An annual review of the African defense market by Forecast International says that "this trend is unsustainable over the long term and growth in the African defense market is expected to slow."
Shaun McDougall, author of the report by the Connecticut-based consultancy that provides market intelligence on the defense and aerospace sectors, said that Africa's defense market had a compound growth rate of 13 percent in 2005-09.
He predicted that would ease to an average of 3 percent through 2014. However, with oil prices hitting $90 a barrel once more that may not be the case.
West Africa in particular is fast becoming one of the hottest oil zones in the world while there have been big strikes in East Africa as well.
This is providing sizeable export boosts for the established oil producers like Angola and Nigeria. But it's also transforming long-impoverished states like Equatorial Guinea, the Democratic Republic of Congo, Uganda and Kenya into significant producers.
This is likely to impact on the defense sector in a continent that is gripped by a dozen wars and insurgencies and a swathe of political crises that are likely to trigger conflict.
The surge in oil revenue "has provided an opportunity for African governments to support much-needed military acquisition and improvement programs, resulting in defense spending growth that has significantly outpaced that of non-petrostates," the survey said.
Apart from the continent's major oil producers, such as Angola, Algeria, Libya and Sudan, the Forecast International review observed that Morocco and South Africa, which has long had its own defense industries, are among the continent's primary spenders.
"Morocco's defense budget doubled in size between 2005 and 2009," McDougall said.
"This development comes as the government supports a series of new arms acquisitions that will allow the country to maintain a balance of power with neighboring Algeria.
"South Africa also remains a focal point of in the African arms market, though its spending habits have been far more stable than those of the aforementioned countries."
The northern tier of African states, particularly Algeria, the regional military heavyweight, have eclipsed South Africa, once sub-Saharan Africa's dominant military power, as the continent's most active, and thus most lucrative, arms market.
The global economic slump has affected many African economies, and cash-rich China has made major economic inroads on the continent.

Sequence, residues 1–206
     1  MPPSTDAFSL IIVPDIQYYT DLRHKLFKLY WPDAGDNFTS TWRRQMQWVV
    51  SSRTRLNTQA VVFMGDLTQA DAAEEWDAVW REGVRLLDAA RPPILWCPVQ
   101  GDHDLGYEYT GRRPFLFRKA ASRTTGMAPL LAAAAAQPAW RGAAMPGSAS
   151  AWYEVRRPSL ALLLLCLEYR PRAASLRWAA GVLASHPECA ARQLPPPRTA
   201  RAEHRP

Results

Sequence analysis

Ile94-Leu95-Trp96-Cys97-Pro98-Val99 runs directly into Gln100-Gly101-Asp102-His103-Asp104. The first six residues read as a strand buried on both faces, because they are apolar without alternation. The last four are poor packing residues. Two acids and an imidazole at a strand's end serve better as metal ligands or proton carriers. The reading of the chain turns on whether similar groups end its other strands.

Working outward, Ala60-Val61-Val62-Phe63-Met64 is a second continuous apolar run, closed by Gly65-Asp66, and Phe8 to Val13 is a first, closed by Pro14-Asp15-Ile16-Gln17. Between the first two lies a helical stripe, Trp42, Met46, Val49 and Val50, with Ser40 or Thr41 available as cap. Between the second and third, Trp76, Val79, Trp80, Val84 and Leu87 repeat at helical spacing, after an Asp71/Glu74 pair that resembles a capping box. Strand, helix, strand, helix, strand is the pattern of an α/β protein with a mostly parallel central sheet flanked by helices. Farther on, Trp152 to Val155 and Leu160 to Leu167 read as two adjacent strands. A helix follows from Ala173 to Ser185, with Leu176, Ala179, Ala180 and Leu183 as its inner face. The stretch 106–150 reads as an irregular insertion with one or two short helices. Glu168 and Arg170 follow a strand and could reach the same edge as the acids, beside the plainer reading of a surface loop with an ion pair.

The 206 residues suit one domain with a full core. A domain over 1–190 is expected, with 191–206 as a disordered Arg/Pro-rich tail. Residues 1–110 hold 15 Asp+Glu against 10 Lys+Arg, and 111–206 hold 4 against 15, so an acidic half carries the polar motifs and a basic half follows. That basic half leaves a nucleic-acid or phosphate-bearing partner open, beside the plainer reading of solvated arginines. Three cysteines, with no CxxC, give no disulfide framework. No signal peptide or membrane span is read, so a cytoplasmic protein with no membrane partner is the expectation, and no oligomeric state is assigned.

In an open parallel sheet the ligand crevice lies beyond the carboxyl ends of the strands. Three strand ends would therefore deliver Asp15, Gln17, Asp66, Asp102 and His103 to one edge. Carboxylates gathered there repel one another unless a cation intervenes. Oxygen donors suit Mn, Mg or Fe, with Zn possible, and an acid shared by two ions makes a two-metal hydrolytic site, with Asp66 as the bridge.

It has yet to make any arms exports of any note but these may come in time, possibly as part of barter deals for access to oil and other resources that Beijing needs to fuel its expanding economy.
"The strategic importance of sub-Saharan Africa is rising gradually," the International Institute for Strategic Studies in London reported in its annual Military Balance.
"Its oil and gas reserves, though insufficient to dislodge broad dependence on Middle East supplies, are substantial; enough to warrant global concern about potential sources of insecurity or inaccessibility, which include the activities of militia groups … and competing major-power customers."
In recent years, Algeria and Morocco have leveraged economic gains to buy new aircraft and warships.
Algiers is expected to decide shortly on the purchase of three or four multi-role frigates, with the FREMM vessel built by DCNS of France a frontrunner. The naval deal is expected to be worth around $11.6 billion.
The Moroccan navy ordered three 2,300-ton multi-mission frigates worth $875 million from Schelde Naval Shipbuilding of the Netherlands in 2008, with deliveries start this year. Morocco is also due to receive a FREMM multi-role frigate built by DCNS.
Russia has made several major sales to North African states, particularly Algeria and Libya, which were arms clients for Moscow during the Cold War. Both are reported to be set to buy Russians Pantsir S1 short-range air-defense systems.
The Moscow media reported in June that Algeria planned to sign a $1.2 billion deal with Russian state arms exporter Rosoboronexport for 16 Sukhoi Su-30MKA Flanker multi-role fighters.
"The African arms market is likely to remain dynamic in light of the region's widespread political, economic and security challenges," McDougall concluded.